I proudly belong to a generation that when we were both young, we and the Cuban Revolution marched, singing with all the enthusiasm and ingenuity, “Cuba yes, Yankees no.” We also sang “Fidel, Fidel, what does Fidel have that the Americans can’t defeat?” and “Cuba, how beautiful is Cuba, whoever defends you loves you more.” We recited from memory the verses of the black poet Nicolas Guillen and the songs of Carlos Puebla.
Now that you have granted the long-cherished dream of old Miami exiles, it is worth asking which Cuba is yes and which Yankees are no, because there are many Cubas and many Yankees, from the rum drinks to the baseball players.
Yes to the Cuba that came out of the most ominous underdevelopment and ended illiteracy in a spectacular campaign, a mixture of enthusiasm and social coercion. Yes to the Cuba that promoted an exceptional world-renowned system of medical care. Yes to the Cuba that got rid of the very rich and the very poor, spreading poverty more evenly even if it preserved a high-level bureaucracy in the positions – and houses – of the previously rich.
No to the Cuba that led to the betrayal and the spying of the Committees for the Defense of the Revolution, a system of neighborhood espionage that opened the door to settling scores and personal quarrels under the disguise of patriotic duty. No to the Cuba that replaced the prostitution of before with the prostitution of now, providing the girls and boys the price of jeans from tourists, and providing many Mexicans with $20 bills in their pockets; an ominous combination that led you to say that the whores of Cuba were the most prepared in the world. No to the Cuba that repressed dissidents even to the point of the firing squad, which ended every possibility of free expression and which sent writers as brilliant as Reinaldo Arenas into exile.
That Cuba is the one that is necessary to end now, now that you no longer obstruct the view with an enormous shadow of being the unquestioned protagonist of modern world history.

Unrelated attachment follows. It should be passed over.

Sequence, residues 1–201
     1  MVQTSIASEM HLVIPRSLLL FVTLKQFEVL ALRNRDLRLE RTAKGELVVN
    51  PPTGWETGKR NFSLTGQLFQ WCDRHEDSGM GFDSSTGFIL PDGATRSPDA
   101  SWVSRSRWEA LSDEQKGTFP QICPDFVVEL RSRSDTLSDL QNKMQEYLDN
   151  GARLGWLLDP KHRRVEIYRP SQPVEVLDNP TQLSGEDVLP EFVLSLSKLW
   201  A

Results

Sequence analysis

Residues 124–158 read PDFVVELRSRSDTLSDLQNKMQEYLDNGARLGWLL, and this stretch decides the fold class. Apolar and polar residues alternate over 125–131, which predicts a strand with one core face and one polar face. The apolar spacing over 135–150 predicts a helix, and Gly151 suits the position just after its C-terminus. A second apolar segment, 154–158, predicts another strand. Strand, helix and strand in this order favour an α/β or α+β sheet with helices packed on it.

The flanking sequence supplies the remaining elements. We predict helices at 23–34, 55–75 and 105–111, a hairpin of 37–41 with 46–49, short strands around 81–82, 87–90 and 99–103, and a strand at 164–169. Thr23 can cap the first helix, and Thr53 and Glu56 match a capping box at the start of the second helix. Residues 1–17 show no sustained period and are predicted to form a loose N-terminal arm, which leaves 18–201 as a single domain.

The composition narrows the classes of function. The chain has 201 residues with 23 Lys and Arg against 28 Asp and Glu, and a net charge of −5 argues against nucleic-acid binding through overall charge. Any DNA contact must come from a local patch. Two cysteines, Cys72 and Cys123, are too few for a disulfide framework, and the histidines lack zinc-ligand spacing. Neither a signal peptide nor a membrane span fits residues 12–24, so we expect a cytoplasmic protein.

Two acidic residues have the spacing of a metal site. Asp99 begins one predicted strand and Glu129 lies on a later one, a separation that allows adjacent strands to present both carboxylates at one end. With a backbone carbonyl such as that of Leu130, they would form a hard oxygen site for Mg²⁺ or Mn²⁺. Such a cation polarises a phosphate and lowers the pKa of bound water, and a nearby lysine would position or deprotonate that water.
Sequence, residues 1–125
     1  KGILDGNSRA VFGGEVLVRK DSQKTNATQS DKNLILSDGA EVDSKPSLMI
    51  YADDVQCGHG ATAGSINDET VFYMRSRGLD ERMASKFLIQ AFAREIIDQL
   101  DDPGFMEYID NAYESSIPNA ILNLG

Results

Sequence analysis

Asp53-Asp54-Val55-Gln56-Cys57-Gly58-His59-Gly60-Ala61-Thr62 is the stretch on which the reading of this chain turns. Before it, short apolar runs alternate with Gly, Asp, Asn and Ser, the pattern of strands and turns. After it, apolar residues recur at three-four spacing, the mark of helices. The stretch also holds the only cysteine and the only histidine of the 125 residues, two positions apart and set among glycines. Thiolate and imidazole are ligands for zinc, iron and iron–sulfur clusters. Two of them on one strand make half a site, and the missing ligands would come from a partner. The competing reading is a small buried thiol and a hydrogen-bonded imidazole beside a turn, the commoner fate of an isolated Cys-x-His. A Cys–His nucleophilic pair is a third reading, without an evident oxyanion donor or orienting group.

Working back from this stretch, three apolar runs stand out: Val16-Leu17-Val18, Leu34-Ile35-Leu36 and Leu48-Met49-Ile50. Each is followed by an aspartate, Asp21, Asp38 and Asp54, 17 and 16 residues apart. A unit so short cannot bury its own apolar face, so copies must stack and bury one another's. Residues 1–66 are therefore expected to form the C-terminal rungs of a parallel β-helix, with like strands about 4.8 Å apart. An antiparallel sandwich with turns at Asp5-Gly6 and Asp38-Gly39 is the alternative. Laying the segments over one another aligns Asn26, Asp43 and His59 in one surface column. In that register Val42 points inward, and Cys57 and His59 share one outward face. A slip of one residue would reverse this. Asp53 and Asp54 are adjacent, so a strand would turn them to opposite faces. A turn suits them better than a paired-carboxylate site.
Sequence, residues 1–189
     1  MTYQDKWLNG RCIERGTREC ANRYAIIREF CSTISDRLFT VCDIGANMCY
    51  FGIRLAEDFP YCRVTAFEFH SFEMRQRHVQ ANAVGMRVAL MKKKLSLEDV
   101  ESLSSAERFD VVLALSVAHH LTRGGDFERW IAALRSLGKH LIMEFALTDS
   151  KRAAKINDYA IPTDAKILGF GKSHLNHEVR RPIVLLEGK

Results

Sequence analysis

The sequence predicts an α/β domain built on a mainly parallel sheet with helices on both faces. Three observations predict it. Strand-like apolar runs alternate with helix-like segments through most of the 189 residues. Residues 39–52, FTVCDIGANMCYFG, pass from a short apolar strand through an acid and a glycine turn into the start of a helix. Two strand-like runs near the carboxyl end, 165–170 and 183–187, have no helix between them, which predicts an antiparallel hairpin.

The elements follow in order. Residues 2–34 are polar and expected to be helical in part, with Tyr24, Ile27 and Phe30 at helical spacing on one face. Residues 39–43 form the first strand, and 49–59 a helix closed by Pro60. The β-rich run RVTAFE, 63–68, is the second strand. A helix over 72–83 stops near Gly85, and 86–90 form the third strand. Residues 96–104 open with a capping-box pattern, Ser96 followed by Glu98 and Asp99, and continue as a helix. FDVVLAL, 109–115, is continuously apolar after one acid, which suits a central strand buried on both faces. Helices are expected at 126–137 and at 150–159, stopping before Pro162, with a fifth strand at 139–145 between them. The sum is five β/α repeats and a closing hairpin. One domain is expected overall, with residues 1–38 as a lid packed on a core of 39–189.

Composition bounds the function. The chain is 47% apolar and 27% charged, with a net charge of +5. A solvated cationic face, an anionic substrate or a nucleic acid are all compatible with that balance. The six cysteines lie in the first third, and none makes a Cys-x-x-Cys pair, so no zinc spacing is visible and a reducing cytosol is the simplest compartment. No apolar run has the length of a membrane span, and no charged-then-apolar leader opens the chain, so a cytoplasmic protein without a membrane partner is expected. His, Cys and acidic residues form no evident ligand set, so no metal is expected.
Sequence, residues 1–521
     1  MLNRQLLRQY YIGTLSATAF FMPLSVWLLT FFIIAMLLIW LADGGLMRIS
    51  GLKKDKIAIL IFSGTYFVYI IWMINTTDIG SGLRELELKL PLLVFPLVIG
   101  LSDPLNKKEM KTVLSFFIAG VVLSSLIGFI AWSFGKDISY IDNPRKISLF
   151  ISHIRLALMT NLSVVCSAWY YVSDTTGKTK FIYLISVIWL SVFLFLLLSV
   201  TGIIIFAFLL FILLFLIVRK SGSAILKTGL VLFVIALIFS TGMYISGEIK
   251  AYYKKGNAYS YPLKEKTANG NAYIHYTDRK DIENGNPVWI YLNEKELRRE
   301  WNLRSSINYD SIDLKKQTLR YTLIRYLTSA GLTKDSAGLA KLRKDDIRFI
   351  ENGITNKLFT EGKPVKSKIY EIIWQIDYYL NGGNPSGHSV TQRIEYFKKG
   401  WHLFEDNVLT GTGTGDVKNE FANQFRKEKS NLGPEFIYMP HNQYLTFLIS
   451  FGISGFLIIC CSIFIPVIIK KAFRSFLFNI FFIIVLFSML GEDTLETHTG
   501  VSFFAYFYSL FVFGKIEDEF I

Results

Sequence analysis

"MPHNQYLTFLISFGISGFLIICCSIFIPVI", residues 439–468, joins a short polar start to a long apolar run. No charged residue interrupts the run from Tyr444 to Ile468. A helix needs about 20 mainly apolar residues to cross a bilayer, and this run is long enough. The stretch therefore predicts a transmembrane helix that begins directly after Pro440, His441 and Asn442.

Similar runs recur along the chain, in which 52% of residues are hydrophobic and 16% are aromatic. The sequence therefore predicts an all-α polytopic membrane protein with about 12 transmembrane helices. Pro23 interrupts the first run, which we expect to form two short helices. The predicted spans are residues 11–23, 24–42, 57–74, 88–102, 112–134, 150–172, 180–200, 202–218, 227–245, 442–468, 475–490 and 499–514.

But Yankees yes. Yes to those in the novel by Burdick and Lederer, which was made into a film in 1963 with Marlon Brando.* Yes to the naive Yankee who tries to understand other cultures and societies. No to the racist and obtuse intolerance that will put its hand on a Bible next January on the steps of the Capitol Building in Washington. Those Yankees: No.
Without pretending that the problems we have caused ourselves with our inertia will be solved abroad, these Yankees, no.
Strangely, esteemed commander, your rise to world popularity and widespread admiration was largely caused by the obsessive hostility of 10 consecutive U.S. presidents who could not stand the affront that a small Caribbean island and its bearded ones were inflicting – a rebellion and a new dependency that almost caused nuclear war, a hostility that paved the way for the inefficiency of the high bureaucracy that caused the economic backwardness of Cuba and consumption problems for the masses.
It is obvious that Donald Trump will continue on the path that these 10 presidents laid out for him. One more obstacle so that we can again say enthusiastically, “Cuba, yes.”
*Editor’s note: The author is referring to the novel The Ugly American by Eugene Burdick and William Lederer.